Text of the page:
Every so often the quackbusters become the targets. Last year, for example, Peter Joseph Lisa, a proponent of alternative treatments, wrote -and published a book entitled “The Great Medical Monopoly Wars,” in which he attacked one of the National Council’s most respected members, Victor Herbert. Lisa questioned Herbert’s treatment of patients, challenged his military record, and made other allegedly defamatory assertions.
Herbert, a lab head at the Bronx, N.Y, Veterans medical center, is a renowned expert in hematology and nutrition. But because he has been testifying against quacks for decades in cases brought by the FDA and the U.S. Postal Service, he believes quacks have put him at the top of their "enemies list."
However, Herbert’s fellow council members knew that Lisa had aimed at a dangerous target. Says Jarvis, "He [Herbert] is a real fiesty guy, not afraid of anyone. He is the kind you need to fight quackery. This is not work for faint-hearted people."
Sure enough, Herbert’s blood boiled when he learned of Lisa's attack. Asked why he didn’t just ignore a book he himself believes would never be read by a reputable scientist, Herbert says: "They accused me of murdering patients. This is a malicious lie. That is not tolerable."
So Herbert sued. But while he was at it, he included more than a dozen proponents of unorthodox therapies as well as Lisa. Then he went one step further: his suit took on the American Quack Association, an informal group of alternative therapists that describes itself as being determined to "de-mythicize" the term "quack". This organization actually holds meetings across the street from the American Medical Association headquarters building in Chicago. According to Michael K. Botts, general counsel to the National Council Against Health Fraud, some of the American-Quack Association’s key players "have ridden the crest of every major health fraud in the last 20 years."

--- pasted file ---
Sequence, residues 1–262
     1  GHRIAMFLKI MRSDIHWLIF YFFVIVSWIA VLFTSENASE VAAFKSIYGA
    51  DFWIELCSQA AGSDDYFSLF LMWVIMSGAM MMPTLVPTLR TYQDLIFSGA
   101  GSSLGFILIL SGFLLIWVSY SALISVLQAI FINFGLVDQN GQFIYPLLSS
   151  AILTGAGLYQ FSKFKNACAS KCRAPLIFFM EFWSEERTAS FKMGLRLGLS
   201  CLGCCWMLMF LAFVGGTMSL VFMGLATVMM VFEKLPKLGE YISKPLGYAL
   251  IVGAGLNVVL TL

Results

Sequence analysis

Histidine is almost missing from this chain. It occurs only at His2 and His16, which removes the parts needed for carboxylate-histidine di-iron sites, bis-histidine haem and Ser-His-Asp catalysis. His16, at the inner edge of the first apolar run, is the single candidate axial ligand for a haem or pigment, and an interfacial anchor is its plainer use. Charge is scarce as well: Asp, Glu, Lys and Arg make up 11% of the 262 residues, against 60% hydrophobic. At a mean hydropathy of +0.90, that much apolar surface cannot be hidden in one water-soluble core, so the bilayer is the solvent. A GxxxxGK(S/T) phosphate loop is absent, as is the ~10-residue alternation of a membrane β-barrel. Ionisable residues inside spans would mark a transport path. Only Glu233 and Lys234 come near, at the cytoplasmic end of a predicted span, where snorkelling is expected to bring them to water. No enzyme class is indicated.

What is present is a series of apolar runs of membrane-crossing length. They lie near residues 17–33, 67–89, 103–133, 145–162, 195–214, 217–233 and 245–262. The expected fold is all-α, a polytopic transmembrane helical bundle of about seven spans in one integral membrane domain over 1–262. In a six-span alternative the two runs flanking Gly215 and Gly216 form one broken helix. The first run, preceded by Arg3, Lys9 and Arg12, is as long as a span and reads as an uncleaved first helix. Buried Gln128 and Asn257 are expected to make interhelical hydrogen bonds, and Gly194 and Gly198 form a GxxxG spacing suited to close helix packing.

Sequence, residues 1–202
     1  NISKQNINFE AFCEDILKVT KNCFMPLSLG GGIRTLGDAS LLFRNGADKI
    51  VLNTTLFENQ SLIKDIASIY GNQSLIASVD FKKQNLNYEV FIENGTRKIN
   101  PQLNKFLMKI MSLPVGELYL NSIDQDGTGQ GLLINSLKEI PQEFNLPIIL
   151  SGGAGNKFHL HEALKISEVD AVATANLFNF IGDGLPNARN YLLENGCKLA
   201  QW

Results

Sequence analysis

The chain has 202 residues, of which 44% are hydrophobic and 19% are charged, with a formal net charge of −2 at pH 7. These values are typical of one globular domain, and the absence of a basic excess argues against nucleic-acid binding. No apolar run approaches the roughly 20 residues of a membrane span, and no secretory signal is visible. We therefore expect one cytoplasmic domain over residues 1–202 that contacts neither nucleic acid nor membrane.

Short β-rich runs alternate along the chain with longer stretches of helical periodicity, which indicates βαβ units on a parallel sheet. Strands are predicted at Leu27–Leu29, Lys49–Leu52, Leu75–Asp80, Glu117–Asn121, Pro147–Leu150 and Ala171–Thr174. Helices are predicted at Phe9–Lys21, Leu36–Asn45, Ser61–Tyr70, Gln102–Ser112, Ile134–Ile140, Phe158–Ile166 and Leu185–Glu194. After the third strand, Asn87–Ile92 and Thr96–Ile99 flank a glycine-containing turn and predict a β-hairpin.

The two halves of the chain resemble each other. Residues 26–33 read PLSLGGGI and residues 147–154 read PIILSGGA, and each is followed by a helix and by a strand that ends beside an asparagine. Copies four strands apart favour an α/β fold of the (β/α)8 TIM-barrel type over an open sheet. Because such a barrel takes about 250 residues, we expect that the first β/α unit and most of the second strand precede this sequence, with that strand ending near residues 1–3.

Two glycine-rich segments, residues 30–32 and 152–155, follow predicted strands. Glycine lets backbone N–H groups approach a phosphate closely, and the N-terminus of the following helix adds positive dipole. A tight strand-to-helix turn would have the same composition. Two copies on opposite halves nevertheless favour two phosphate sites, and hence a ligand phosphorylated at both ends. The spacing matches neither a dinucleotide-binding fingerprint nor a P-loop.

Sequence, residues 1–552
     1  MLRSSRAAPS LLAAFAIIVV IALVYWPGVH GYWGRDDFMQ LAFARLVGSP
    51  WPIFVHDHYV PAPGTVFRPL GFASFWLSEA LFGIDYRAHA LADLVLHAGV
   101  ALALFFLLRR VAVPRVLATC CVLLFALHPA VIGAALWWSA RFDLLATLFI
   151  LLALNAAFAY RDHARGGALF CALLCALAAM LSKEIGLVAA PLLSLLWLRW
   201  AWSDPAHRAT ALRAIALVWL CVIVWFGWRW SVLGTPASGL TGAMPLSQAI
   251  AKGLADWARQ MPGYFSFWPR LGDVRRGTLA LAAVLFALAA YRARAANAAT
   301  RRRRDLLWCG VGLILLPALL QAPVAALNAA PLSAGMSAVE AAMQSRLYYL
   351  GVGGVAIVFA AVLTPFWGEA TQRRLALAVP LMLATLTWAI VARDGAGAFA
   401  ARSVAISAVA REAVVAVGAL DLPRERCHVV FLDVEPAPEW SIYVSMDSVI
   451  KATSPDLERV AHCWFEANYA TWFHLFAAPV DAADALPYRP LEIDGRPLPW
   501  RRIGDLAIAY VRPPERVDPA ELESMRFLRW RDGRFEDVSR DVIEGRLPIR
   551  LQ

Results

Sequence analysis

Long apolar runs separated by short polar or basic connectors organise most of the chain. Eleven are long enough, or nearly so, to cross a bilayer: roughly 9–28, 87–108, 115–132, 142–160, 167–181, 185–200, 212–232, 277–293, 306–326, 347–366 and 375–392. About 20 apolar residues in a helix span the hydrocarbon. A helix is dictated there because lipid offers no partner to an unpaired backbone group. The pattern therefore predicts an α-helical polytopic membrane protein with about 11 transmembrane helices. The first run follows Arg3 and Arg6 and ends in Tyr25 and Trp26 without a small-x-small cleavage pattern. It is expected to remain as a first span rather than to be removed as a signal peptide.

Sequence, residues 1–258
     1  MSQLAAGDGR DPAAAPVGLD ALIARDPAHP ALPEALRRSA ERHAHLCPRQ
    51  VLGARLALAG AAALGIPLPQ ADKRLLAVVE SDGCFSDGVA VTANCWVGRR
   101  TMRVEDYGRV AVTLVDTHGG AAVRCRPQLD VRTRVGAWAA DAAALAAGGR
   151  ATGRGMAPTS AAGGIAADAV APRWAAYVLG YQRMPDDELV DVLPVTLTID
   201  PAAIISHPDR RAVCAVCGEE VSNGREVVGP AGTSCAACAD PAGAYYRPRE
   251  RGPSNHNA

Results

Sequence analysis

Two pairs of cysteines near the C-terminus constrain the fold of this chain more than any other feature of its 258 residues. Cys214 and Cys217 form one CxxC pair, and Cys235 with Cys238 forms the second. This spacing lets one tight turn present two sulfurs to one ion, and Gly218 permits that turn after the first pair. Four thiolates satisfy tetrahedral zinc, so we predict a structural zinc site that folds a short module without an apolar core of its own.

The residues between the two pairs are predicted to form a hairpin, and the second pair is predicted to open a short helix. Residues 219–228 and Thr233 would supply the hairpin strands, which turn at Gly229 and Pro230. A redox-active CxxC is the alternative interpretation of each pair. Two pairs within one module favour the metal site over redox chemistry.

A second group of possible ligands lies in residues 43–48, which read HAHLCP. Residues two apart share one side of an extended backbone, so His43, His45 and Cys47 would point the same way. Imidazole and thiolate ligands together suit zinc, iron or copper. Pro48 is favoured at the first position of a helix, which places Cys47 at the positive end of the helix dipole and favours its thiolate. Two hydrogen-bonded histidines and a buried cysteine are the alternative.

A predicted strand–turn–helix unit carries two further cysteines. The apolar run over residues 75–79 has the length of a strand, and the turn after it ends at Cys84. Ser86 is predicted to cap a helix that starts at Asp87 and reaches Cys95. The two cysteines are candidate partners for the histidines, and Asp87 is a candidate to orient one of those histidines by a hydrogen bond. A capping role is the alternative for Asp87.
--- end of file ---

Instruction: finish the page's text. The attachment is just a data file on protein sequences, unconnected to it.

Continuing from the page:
To members of the National Council, the Lisa book’s attack on Herbert may prove disastrous to the world of quackery. Botts, who is also Herbert’s attorney, expects the discovery process in the lawsuit filed last December to produce an unprecedentedly extensive record of the quackery industry’s far-reaching activities.
On still another front, earlier this year, Allentown psychiatrist Barrett and the National Council formed what Barrett feels will be "the most powerful anti-quackery method ever devised." It is called the Task Force on Victim Redress. "The National Council’s Task Force will help victims of quackery by getting them the competent legal assistance they need," reads the group’s statement of purpose. "It will serve attorneys as a clearing house for reliable information on the latest frauds and the experts who can help prove their cases. Help also will be available to insurance companies and law enforcement agencies."
"We will publicize the fact that if you are hurt or cheated, or if corrective action is necessary against a disreputable health-care practice, we will help," said Barrett, who chairs the seven-person group. To search out cases, the group will rely on its allies, like Sampson.
It’s not likely that the Task Force will run short of victims to help, just as there’s no shortage of bizarre targets. Take the Berkeley, Calif., institute that Sampson recently discovered to be using a classic money making scheme, where a quack will take "old methods" of medical chicanery and "redesign them" to exploit a new health problem. In this case, says Sampson, the institute is out to profit from the AIDS epidemic.
He asserts that the institute has long advocated a method of fighting cancer by means of "detoxifying" the patient, a process that includes lowering the patient’s body temperature and seeing that the patient drinks large quantities of water.
"They have now transferred this to AIDS," says Sampson. "They have men sitting around, not wearing underwear—so the testicles stay cooler and drinking distilled water. For’ this, they charge a couple of hundred. dollars."
Rex Dalton is a reporter for the San Diego Union.